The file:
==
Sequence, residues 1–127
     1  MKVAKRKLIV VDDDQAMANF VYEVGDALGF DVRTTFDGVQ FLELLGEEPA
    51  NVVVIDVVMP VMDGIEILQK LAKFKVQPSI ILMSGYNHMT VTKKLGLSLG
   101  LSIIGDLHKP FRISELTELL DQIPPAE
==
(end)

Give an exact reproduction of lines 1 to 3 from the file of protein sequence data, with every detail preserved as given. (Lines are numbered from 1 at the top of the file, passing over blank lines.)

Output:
Sequence, residues 1–127
     1  MKVAKRKLIV VDDDQAMANF VYEVGDALGF DVRTTFDGVQ FLELLGEEPA
    51  NVVVIDVVMP VMDGIEILQK LAKFKVQPSI ILMSGYNHMT VTKKLGLSLG